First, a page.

The simplicity of the method makes it very tempting to assume tacitly that it can be applied in situations where it has not been verified, such as a whole galaxy, whose distribution of matter may bear more ressemblance to a disc than a sphere. Indeed it seems likely that some writers are unaware that this method involves an approximation, and sometimes a very rough approximation, to the true state of affairs, and believe that they are deriving accurate pictures of the mass distribution of galaxies when in fact their results are far from correct.
The present essay is largely concerned with the accuracy of the results obtained when this approximate method is applied to non-spherical galaxies. For clarity, we shall always refer to this method as the "approximate" method, meaning that the gravitational attraction at a point distant r from the centre of the galaxy is found by (i) disregarding any mass at a greater distance than r from the centre, and (ii) assuming the mass that is taken into account to be concentrated at the centre. Calculations which aim for greater accuracy by not making these assumptions will be referred to as using the "accurate" method.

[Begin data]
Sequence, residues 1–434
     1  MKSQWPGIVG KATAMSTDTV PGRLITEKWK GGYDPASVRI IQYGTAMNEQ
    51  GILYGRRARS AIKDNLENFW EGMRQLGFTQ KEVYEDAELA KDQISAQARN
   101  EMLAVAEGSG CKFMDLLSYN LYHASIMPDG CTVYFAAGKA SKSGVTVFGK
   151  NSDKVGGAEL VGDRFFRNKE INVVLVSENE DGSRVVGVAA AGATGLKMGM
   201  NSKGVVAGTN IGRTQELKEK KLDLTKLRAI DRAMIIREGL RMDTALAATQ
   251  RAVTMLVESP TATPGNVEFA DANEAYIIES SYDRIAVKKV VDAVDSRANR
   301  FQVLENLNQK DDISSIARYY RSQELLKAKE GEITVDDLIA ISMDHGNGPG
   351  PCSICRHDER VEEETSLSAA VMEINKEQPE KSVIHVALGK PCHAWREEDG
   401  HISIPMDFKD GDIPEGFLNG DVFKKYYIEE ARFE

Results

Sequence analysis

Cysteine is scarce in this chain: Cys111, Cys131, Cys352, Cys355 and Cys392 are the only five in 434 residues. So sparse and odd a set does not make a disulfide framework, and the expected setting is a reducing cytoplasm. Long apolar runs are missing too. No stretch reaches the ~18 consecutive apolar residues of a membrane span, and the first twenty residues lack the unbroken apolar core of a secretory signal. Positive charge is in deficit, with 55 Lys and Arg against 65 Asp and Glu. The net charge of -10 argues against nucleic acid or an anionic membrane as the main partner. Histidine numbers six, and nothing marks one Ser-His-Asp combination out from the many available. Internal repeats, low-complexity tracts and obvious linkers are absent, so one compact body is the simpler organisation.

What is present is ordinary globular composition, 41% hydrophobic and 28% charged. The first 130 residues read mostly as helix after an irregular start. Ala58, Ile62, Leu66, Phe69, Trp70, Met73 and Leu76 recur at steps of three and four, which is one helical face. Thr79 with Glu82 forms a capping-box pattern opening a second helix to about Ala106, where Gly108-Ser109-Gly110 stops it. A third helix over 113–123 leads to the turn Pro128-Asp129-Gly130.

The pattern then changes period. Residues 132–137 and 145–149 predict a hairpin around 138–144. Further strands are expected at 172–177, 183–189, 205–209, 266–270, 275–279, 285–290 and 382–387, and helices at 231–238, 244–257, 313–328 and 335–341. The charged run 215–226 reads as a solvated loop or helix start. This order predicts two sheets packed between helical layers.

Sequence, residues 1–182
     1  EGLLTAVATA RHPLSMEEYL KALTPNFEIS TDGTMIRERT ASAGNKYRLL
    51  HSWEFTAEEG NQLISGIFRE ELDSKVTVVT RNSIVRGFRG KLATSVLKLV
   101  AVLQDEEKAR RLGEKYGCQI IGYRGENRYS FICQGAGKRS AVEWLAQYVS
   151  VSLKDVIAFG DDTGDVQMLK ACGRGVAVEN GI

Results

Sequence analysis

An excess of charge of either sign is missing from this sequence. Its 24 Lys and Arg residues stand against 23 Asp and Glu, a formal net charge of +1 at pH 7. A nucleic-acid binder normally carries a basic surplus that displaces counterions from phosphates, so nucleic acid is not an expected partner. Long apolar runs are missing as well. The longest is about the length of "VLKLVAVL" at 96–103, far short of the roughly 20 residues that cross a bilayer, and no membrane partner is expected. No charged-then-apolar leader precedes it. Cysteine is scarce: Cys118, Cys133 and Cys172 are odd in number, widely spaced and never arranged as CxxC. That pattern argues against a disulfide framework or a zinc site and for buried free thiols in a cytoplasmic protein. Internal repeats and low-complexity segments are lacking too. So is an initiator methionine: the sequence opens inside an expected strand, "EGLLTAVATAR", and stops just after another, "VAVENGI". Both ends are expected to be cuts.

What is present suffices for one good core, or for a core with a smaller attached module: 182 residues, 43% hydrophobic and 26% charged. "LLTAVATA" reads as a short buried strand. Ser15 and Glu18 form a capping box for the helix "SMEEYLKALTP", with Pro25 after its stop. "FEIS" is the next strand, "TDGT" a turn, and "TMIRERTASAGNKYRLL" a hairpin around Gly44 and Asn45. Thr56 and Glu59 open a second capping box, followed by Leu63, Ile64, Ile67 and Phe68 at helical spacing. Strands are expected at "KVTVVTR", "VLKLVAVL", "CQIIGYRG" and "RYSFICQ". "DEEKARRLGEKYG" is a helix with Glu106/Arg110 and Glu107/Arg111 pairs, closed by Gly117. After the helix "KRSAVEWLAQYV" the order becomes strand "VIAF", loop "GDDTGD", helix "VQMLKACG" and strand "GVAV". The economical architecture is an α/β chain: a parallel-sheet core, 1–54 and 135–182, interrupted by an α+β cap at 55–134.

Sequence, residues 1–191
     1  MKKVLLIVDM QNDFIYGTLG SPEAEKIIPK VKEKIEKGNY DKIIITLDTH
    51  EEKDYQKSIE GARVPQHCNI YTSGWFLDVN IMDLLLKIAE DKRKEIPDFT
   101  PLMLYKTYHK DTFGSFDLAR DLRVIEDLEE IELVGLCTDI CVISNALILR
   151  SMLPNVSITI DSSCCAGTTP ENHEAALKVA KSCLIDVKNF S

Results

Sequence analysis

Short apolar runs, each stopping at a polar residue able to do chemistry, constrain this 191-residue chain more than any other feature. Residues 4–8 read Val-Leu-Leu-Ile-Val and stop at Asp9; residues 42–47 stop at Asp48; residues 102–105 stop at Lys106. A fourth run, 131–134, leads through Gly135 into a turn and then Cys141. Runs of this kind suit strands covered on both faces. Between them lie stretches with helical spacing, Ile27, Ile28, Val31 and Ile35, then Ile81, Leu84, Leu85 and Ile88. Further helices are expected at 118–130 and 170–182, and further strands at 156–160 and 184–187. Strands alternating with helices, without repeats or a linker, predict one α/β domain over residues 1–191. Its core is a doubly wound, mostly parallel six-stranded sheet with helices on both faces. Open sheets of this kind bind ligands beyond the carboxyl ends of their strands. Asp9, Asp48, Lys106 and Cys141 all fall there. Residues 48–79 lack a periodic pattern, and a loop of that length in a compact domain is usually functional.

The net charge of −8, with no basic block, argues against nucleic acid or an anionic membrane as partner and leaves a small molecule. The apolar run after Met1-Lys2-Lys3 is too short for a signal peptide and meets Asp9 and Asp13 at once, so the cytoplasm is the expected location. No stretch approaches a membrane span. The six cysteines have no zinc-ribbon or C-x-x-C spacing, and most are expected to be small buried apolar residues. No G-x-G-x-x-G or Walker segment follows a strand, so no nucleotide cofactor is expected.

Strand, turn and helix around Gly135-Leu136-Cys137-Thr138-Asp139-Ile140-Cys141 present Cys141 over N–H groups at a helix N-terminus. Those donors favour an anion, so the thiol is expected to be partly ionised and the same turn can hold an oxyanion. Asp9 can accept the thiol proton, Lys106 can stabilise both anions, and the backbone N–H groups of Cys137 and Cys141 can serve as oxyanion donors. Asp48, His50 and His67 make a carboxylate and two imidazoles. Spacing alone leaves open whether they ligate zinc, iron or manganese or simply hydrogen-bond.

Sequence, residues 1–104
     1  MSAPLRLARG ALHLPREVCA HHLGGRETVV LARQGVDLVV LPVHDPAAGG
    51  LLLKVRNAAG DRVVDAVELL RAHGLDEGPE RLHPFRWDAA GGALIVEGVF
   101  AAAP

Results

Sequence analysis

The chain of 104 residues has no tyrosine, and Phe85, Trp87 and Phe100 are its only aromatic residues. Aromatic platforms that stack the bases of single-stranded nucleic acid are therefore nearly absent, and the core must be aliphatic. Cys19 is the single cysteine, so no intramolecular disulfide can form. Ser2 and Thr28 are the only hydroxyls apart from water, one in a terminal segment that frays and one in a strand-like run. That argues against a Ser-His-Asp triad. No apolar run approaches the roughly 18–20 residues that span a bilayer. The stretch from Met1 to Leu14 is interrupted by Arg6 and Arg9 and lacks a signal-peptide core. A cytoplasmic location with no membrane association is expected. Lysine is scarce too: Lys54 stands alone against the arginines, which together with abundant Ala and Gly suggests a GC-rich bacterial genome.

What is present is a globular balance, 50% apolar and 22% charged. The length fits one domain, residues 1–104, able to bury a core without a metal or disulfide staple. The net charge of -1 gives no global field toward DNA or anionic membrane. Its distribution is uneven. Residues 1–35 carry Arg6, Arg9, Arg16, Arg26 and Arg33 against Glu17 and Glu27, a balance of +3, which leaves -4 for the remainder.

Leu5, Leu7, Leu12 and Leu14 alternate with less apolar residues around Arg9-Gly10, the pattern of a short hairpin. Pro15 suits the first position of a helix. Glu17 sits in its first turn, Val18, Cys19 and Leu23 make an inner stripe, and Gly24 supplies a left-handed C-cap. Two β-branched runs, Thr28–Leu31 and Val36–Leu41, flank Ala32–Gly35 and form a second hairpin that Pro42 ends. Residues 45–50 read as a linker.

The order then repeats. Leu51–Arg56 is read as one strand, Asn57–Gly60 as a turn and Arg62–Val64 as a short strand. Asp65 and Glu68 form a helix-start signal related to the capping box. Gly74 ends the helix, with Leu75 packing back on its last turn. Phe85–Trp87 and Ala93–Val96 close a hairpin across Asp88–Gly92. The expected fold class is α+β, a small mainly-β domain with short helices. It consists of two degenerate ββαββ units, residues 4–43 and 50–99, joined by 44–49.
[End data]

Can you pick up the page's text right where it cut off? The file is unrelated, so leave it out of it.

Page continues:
GALAXY IN THE FORM OF A UNIFORM DISC
Because the distribution of the visible material in most galaxies is shaped more like a disc than a sphere, we shall consider firstly the gravitational effect of a true disc, covered uniformly with attracting material.
It is important to realise that, strictly speaking, the effect on a test body placed within such a truly two-dimensional structure of gravitating material is actually indeterminate. The reason for this is readily seen. Assume the surface density of the material to be uniform, and consider the attractive force on our test body, m, due to an elementary arc (coloured yellow in our sketch) of width dr subtending a small angle q at m.